PrintShare
Text size Increase font sizeDecrease font size
Theorizing Masculinities

iconBook

Theorizing Masculinities

Harry Brod & Michael Kaufman

Pub. date: 1994 | Online Pub. Date: May 31, 2012 | DOI:http://dx.doi.org/10.4135/9781452243627 | Print ISBN: 9780803949041 | Online ISBN: 9781452243627 | Publisher:SAGE Publications, Inc.

About this book
PrintShare
Text size Increase font sizeDecrease font size
Text size

Chapter 11: Gender Displays and Men's Power: The “New Man” and the Mexican Immigrant Man

Pierrette Hondagneu-Sotelo & Michael A. Messner

Gender displays and men's power: The “new man” and the mexican immigrant man In our discussions about masculinity with our students (most of whom are white and upper-middle class), talk invariably turns to critical descriptions of the “macho” behavior of “traditional men.” Consistently, these men are portrayed as “out there,” not in the classroom with us. Although it usually remains an unspoken subtext, at times a student will actually speak it: Those men who are still stuck in “traditional, sexist, and macho” styles of masculinity are black men, Latino men, immigrant men, and working-class men. They are not us; we are the New Men, the Modern, Educated, and Enlightened Men. The belief that poor, working-class, and ethnic minority men are stuck in an atavistic, sexist “traditional male role,” while white, educated middle-class men are forging a more sensitive egalitarian “New,” or “Modern male role,” is not uncommon. Social scientific theory ...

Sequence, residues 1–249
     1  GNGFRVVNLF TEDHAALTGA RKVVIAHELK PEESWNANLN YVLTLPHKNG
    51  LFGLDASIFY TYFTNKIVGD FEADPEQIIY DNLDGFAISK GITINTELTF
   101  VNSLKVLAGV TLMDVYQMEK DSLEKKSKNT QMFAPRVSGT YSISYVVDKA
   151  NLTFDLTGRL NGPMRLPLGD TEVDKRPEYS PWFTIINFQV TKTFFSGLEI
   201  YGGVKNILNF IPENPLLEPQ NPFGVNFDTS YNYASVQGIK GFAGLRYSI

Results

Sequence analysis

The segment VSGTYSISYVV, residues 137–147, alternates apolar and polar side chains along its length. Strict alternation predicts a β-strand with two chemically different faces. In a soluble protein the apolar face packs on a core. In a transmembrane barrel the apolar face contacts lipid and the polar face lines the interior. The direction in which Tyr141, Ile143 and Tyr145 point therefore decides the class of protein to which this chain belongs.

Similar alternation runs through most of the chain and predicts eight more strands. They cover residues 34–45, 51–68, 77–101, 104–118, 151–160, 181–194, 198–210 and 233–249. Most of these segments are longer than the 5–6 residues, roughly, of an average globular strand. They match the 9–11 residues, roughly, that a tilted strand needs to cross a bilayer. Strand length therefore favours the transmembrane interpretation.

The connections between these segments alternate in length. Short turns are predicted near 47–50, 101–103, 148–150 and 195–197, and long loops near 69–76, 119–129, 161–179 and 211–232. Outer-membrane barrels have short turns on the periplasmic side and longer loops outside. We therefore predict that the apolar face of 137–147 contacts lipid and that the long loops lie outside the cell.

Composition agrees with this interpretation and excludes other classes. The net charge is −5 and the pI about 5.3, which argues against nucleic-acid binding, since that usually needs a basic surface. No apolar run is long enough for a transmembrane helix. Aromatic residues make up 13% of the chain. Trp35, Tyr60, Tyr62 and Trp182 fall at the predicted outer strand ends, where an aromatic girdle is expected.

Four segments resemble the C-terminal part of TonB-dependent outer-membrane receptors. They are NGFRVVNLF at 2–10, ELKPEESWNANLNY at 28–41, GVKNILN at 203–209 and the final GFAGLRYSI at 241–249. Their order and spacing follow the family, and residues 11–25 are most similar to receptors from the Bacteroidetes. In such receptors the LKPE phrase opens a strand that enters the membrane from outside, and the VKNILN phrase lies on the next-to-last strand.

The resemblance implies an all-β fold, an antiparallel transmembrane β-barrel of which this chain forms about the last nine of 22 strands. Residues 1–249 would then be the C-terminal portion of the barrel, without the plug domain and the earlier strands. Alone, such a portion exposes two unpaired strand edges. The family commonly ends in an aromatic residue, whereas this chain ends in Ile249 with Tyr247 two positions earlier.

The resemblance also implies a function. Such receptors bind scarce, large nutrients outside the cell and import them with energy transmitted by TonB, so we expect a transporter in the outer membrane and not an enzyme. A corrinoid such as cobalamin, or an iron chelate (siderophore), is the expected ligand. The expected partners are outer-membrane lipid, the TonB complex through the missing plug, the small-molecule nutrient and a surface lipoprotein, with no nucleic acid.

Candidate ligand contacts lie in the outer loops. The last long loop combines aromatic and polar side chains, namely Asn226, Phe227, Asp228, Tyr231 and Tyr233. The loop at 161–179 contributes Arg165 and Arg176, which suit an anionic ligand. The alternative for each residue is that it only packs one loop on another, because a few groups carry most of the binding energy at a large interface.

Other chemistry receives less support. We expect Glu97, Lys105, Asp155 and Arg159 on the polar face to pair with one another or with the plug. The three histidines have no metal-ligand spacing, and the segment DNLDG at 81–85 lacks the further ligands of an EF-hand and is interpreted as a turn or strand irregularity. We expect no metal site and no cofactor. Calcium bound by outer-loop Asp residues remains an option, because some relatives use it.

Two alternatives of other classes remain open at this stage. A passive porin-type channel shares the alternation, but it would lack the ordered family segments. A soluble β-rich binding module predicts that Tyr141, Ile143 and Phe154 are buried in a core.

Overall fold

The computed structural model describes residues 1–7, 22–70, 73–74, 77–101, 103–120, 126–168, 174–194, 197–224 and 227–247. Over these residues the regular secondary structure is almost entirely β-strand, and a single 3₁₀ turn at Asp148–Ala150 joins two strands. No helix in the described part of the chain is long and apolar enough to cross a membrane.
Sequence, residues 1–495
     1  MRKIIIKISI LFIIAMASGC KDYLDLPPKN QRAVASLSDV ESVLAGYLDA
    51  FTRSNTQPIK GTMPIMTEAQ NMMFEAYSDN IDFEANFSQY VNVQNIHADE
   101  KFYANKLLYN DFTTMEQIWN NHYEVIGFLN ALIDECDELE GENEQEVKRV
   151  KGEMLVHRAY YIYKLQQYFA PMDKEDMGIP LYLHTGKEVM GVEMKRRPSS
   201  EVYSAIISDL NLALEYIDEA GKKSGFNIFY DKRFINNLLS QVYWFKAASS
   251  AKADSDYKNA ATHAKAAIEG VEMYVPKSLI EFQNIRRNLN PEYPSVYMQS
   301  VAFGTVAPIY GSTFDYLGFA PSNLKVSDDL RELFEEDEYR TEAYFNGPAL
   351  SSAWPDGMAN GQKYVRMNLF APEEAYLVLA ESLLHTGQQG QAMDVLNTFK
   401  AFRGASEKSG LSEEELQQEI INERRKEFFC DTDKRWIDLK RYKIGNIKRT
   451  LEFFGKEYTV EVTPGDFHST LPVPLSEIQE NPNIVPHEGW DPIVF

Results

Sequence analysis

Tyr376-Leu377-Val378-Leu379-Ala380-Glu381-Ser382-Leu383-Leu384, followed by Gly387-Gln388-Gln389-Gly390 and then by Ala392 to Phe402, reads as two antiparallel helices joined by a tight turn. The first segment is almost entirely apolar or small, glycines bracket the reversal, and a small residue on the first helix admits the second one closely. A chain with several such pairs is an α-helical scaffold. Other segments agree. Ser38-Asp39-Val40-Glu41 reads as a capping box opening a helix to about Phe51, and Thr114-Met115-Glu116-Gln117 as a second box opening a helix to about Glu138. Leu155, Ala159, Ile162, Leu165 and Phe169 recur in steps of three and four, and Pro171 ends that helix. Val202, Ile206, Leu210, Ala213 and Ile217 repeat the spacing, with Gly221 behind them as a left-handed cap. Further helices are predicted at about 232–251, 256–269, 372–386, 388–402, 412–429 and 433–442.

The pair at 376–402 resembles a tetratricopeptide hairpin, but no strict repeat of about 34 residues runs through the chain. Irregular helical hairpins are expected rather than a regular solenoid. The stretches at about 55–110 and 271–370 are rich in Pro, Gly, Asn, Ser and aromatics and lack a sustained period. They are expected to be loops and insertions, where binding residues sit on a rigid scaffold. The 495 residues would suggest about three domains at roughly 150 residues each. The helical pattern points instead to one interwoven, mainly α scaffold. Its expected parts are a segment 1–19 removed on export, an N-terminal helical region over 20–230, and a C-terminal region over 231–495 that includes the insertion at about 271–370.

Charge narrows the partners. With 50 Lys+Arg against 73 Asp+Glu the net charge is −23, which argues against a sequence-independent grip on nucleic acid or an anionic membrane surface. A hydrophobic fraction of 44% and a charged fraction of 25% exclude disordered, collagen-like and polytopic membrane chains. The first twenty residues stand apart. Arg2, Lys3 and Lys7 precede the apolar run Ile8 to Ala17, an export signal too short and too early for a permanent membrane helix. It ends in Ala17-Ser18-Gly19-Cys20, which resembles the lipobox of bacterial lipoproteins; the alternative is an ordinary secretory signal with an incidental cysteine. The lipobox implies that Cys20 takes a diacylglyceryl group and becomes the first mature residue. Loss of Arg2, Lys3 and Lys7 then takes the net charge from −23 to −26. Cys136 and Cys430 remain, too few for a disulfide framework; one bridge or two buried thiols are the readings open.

Users without subscription are not able to see the full content on this title. Please, subscribe or login to access all content on this website.